God(ding): A Cross-Linguistic Puzzle
 
Dan Moonhawk Alford
17 May 2000

Saw that Stan and Cynthia Tennan visited Gary and Linda. His work on hand gestures behind Semitic writing is quite provocative, and nothing I can safely ignore given my own model.

Reminds me of how Cheyenne ma?he-o?o and Lakota wakan tanka both consist morphologically of the same morphs, tho reversed in order: "big/large/great" plus "animate/spirit/mystery" -- from which we get the translated "Great Spirit" and "Great Mystery".

Here's the puzzle: How can Cheyenne and Lakota share these same morphemes for "God(ding)" -- especially given the diversity found in Native American names, including "Dwells Above" (Chickasaw) and "Thinks Breath Creates" (Cherokee) -- when they're no more alike as languages than English and Chinese? They both came to the Great Plains from elsewhere, north or south, on the East Coast, possibly with at least one group having a different name. So how did these words wind up as kissing cousins of each other on the Plains, since they sound nothing like each other either?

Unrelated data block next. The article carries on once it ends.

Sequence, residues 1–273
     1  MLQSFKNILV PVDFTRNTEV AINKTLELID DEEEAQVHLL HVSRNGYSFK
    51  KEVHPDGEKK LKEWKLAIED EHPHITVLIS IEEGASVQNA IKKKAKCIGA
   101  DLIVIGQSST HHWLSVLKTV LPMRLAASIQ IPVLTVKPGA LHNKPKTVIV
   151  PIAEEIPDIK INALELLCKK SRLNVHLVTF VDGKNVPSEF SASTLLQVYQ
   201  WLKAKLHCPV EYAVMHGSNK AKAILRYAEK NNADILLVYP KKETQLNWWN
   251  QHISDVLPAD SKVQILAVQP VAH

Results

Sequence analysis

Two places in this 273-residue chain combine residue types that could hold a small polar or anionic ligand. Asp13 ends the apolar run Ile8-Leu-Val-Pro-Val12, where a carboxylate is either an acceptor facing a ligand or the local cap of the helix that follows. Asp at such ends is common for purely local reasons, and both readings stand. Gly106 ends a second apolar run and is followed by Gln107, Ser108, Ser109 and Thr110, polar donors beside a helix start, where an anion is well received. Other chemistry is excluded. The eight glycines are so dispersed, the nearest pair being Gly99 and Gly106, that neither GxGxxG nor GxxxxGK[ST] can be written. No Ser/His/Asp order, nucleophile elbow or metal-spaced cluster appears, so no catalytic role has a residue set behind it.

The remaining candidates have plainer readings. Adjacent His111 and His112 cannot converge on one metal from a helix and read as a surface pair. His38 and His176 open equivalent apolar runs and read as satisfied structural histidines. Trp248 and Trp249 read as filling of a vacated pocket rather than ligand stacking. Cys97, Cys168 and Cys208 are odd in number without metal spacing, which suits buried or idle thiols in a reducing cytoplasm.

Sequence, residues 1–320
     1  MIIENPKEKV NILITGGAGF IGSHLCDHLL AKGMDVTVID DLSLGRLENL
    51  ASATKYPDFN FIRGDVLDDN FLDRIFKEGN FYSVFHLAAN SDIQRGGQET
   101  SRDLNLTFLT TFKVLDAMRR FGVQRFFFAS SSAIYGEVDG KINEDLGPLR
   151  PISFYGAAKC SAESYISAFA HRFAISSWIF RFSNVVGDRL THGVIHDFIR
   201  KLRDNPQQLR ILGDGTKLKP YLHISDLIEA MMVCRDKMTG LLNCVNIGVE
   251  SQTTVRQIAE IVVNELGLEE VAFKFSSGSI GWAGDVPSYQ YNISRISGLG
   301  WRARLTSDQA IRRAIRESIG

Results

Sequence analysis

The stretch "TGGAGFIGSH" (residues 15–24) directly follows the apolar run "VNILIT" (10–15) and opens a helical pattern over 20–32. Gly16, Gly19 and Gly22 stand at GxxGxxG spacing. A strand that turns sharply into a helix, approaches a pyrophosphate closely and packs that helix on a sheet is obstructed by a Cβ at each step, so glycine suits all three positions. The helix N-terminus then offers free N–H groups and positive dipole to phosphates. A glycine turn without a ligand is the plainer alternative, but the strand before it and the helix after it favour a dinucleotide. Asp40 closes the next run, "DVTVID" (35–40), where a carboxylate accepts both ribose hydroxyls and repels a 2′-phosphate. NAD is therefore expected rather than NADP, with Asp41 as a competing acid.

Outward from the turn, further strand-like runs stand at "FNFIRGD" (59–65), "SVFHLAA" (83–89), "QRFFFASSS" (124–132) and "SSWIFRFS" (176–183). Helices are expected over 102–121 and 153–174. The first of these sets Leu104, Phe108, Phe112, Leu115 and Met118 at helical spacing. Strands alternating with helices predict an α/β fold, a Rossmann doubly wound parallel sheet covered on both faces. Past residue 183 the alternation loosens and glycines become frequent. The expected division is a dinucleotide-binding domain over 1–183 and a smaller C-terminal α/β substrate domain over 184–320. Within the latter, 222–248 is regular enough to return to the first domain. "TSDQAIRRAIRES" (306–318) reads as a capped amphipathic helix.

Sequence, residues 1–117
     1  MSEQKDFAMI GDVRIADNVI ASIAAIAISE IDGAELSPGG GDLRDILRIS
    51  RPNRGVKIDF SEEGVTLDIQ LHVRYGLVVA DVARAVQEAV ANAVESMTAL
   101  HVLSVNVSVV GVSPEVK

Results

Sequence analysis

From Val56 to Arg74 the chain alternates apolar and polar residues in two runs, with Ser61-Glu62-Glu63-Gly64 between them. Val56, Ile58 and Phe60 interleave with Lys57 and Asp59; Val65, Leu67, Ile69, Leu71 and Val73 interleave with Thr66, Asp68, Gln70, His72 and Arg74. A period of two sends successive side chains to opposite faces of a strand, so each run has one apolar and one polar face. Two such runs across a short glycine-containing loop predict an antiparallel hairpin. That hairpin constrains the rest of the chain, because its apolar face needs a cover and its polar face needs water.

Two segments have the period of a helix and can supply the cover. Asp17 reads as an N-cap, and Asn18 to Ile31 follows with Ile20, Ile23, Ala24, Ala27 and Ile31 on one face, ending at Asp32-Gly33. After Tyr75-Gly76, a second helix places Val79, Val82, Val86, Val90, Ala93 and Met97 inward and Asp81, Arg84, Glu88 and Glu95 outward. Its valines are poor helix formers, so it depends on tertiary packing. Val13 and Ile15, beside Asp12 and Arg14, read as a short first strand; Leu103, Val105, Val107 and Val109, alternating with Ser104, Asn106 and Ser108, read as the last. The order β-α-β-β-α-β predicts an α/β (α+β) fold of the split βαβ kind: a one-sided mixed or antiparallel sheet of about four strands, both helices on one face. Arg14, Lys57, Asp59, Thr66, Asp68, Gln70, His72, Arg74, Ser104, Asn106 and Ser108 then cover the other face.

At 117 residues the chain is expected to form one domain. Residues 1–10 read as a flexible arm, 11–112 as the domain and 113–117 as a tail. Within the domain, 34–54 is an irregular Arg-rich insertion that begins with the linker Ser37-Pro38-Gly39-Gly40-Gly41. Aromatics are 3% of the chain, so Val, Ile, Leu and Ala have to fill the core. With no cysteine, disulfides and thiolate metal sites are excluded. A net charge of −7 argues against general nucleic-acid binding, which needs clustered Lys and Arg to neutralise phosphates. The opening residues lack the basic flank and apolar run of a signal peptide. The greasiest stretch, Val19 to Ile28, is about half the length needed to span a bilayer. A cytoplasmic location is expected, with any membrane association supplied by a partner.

The answer, I believe, was revealed in a book on Plains Indian Sign Language, where I found the gloss for "God" as 3 signs: "large" plus "medicine" (a spiritual meaning in Native America) plus "up!" In other words, this is the only example I've ever seen where a gestural language influenced a term in one or more languages for anything -- much less the concept of God(ding), which seems to be a kind of sina qua non lexical item in any language.